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D.C. announces first affordable housing project in Ward 3 backed by housing production trust

D.C. Mayor Muriel E. Bowser holds a news conference on affordable housing at the Spring Flats housing complex on May 24, 2021. (Matt McClain/The Washington Post)

Mayor Muriel E. Bowser (D) announced Wednesday the creation of nearly 800 units of affordable housing as part of the District’s historic investment in the production of homes for low-income residents.

The 10 projects selected by the Department of Housing and Community Development will receive more than $135 million from the Housing Production Trust Fund (HPTF) — the city’s primary tool for financing affordable housing amid a persistent and dire Districtwide shortage — along with tax breaks and the promise of vouchers to ensure some of the new affordable housing is available to the District’s poorest residents, D.C. officials said.

Among the 10 projects is the first affordable housing development in Ward 3 to be backed by the HPTF. The development will add 93 units to a Friendship Heights senior living facility known as the Lisner-Louise-Dickson-Hurt Home that will accommodate District residents “at a range of income levels,” according to D.C. officials.

Though the Lisner Home project makes up only a fraction of the new housing announced Wednesday, Council Member Mary M. Cheh (D-Ward 3) said she hopes the senior facility opening its doors will kick off a wave of new affordable housing options in neighborhoods like Friendship Heights, Chevy Chase and Tenleytown where affordable housing stock remains low.

Cheh said “there is considerable support for increasing the availability of affordable housing in the ward” and that a number of her constituents see the issue as a “moral obligation.”

A group of citizens known as Ward 3 Housing Justice have for months lobbied Cheh and other city officials to support the transformation of the old Wardman Park hotel site into more than 100 affordable housing units for low-income residents. The hotel site, owned by developer Carmel Partners, is slated for redevelopment into market-rate housing.

Cheh said she is hopeful that the Wardman may be on the path to opening the door to more affordable housing than the minimum 8 percent required by zoning regulations. She also cited other sites — parking lots, declining shopping malls — as places the District might consider funding low-income housing developments.

“We are trying to use our influence from the government’s perspective to get as much affordable housing as we can,” she said. “It’s going to start to add up. This is a good start.”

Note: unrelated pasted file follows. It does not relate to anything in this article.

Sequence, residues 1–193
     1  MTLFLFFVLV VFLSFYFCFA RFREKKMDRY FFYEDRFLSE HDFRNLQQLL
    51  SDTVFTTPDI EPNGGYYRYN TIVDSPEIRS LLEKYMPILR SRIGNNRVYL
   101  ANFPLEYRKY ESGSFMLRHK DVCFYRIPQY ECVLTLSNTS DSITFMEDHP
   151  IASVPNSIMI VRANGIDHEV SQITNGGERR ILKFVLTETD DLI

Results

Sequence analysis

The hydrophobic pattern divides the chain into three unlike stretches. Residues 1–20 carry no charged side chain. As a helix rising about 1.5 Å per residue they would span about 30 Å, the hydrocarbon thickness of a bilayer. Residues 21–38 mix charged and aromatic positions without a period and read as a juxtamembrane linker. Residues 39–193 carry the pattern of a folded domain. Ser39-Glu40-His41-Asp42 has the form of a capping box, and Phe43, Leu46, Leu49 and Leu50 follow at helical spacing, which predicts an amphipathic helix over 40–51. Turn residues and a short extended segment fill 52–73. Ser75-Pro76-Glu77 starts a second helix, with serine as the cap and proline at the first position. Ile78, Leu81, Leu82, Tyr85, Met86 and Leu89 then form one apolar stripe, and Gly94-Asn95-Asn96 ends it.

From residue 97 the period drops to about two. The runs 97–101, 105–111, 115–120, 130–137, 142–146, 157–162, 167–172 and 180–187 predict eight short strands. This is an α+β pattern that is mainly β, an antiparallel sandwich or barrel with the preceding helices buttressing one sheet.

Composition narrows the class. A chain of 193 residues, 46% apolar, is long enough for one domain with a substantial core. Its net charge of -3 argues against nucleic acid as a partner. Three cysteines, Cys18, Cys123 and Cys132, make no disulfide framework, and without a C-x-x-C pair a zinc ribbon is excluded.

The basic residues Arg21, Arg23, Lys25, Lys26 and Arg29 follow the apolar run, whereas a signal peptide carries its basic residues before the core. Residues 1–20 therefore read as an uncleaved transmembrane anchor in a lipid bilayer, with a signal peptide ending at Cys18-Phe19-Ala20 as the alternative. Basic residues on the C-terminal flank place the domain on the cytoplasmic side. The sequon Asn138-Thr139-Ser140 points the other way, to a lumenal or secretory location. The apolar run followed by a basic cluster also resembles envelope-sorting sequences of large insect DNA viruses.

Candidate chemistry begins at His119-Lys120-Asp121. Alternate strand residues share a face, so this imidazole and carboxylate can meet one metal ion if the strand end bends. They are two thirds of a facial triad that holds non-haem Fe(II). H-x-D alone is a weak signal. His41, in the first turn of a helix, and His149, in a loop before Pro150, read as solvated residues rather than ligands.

But grass-roots organizers with Ward 3 for Housing Justice said the District needs to be more aggressive in its pursuit of affordable housing opportunities in upper Northwest, especially for families at the lowest income levels. The plan for the Wardman falls short of what housing justice activists have proposed and organizers said talks with the developer have stalled.

“The traditional tools are not getting us where we need to go,” said Margaret Dwyer, a Friendship Heights resident and convener of the Ward 3 for Housing Justice group. “There are a million miles between aspiration and reality. We need public partners to say it’s time for the rubber to meet the road here, and we’re not just going to have aspirations, we’re going to start implementing a very clear, step-by-step plan to fight the segregation that has been maintained for decades in this area. It is time to break that cycle.”

The mayor’s office said additional affordable housing projects will be selected and announced later this year.

Last year, Bowser announced plans to invest $400 million into the HPTF, a record-setting amount that her office said will help developers build an additional 2,700 subsidized housing units over the next several years.

The mayor has placed at least $100 million into the housing fund each year since 2015. She said the $400 million would expedite her goal of building 36,000 housing units by 2025, 12,000 of them affordable to targeted income groups.

In October, a report from the Office of the Inspector General found that D.C. misspent nearly $82 million of affordable-housing funds earmarked for extremely low-income residents in fiscal 2020.

The report stated that residents from the lowest income bracket in the District — those who earn less than 30 percent of the area’s median family income (about $39,000 for a family of four) — were often overlooked while the majority of affordable housing created in the District instead went to households considered to be very low income (50 percent of the median family income or $64,500 for a family of four) or low income (80 percent of the median family income or $103,200 for a family of four).

Bowser’s office and officials from the Department of Housing and Community Development said in a statement that the round of funding announced Wednesday would prioritize projects that include housing for the city’s poorest and focus on “shovel-ready projects” in seven of the District’s eight wards.

“Our priority focus on high opportunity areas, to build … new units targeting extremely low-income households, has allowed us to bring projects into the pipeline that more directly reflect our push to make the District a more equitable, inclusive city,” Drew Hubbard, interim director of the Department of Housing and Community Development, said in a statement.